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Public Goods, Social Norms and Naive Beliefs

  • Edward Cartwright

    ()

  • Amrish Patel

    ()

An individual’s contribution to a public good may be seen by others as a signal of attributes such as generosity or wealth. An individual may, therefore, choose their contribution so as to send an appropriate signal to others. In this paper we question how the inferences made by others will influence the amount contributed to the public good. Evidence suggests that individuals are naive and biased towards taking things at "face value". We contrast, therefore, contributions made to a public good if others are expected to make rational inferences versus contributions if others are expected to make naive inferences.

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File URL: ftp://ftp.ukc.ac.uk/pub/ejr/RePEc/ukc/ukcedp/0807.pdf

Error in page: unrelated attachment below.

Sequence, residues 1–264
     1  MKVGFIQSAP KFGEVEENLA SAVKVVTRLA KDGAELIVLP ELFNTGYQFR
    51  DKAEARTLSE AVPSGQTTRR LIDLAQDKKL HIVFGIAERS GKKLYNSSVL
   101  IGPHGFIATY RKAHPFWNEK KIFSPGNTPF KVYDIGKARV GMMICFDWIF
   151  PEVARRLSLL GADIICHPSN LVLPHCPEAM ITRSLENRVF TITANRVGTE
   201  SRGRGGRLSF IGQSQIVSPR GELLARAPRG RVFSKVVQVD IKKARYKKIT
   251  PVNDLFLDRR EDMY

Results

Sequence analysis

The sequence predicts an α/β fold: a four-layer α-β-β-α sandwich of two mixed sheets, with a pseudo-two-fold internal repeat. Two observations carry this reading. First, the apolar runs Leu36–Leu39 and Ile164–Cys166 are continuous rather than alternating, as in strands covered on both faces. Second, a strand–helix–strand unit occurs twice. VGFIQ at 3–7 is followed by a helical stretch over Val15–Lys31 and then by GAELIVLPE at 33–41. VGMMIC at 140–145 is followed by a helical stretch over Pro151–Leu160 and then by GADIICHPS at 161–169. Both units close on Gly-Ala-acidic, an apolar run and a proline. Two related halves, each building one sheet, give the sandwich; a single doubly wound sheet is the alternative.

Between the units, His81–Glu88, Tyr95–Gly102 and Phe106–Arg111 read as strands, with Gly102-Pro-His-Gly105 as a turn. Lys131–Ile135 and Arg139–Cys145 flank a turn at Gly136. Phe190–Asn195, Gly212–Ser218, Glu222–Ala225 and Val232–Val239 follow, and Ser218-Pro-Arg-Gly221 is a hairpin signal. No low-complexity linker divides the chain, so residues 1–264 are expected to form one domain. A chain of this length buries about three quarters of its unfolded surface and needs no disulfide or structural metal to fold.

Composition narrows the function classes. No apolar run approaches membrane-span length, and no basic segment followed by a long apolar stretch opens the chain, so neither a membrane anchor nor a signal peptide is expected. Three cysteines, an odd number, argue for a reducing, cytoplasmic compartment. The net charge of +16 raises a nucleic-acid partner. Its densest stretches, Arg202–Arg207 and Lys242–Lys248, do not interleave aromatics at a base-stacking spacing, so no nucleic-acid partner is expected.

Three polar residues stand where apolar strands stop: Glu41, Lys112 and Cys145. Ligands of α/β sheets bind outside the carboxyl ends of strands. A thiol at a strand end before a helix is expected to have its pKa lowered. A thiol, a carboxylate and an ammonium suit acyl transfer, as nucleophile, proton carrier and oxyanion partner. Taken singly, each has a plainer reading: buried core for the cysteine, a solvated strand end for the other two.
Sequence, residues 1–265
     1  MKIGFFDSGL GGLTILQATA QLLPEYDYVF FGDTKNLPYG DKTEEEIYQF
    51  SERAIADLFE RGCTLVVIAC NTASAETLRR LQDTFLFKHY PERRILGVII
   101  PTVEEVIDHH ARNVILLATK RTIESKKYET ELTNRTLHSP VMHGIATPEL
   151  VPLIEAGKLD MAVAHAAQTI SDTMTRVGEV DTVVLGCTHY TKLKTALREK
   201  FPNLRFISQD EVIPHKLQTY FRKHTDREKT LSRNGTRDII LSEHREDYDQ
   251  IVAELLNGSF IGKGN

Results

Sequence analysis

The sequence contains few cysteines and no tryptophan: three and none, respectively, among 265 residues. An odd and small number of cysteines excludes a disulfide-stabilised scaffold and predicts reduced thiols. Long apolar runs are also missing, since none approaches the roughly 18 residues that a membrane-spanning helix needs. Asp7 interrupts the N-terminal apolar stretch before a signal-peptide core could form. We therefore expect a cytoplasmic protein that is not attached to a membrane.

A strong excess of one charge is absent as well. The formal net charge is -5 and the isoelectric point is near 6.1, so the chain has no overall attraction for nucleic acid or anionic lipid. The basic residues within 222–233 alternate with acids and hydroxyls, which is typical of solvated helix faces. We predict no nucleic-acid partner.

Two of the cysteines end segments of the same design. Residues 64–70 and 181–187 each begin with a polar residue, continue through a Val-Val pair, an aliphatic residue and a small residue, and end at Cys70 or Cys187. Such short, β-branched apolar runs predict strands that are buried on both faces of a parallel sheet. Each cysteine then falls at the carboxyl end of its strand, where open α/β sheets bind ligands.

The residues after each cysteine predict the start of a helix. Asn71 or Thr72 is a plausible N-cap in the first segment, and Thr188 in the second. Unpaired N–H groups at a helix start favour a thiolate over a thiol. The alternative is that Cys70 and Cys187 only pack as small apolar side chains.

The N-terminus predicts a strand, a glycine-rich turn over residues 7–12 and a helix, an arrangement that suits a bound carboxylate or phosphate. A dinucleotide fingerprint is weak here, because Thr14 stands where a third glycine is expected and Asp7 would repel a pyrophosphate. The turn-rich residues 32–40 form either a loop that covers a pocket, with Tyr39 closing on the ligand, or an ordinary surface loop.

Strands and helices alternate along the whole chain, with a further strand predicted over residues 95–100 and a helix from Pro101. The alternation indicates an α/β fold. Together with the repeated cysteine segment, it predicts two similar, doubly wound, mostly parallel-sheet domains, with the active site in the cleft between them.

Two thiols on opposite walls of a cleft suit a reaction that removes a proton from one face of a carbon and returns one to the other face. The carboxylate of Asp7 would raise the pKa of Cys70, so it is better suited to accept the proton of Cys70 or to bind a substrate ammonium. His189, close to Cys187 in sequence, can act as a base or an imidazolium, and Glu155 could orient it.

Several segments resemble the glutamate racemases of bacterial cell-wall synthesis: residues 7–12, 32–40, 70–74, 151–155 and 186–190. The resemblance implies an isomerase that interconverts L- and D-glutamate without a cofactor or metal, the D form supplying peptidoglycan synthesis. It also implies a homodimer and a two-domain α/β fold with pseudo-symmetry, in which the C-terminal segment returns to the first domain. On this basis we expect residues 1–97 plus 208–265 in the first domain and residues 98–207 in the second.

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Paper provided by School of Economics, University of Kent in its series Studies in Economics with number 0807.

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Date of creation: May 2008
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Handle: RePEc:ukc:ukcedp:0807
Contact details of provider: Postal: School of Economics, University of Kent, Canterbury, Kent, CT2 7NP
Phone: +44 (0)1227 827497
Web page: http://www.kent.ac.uk/economics/

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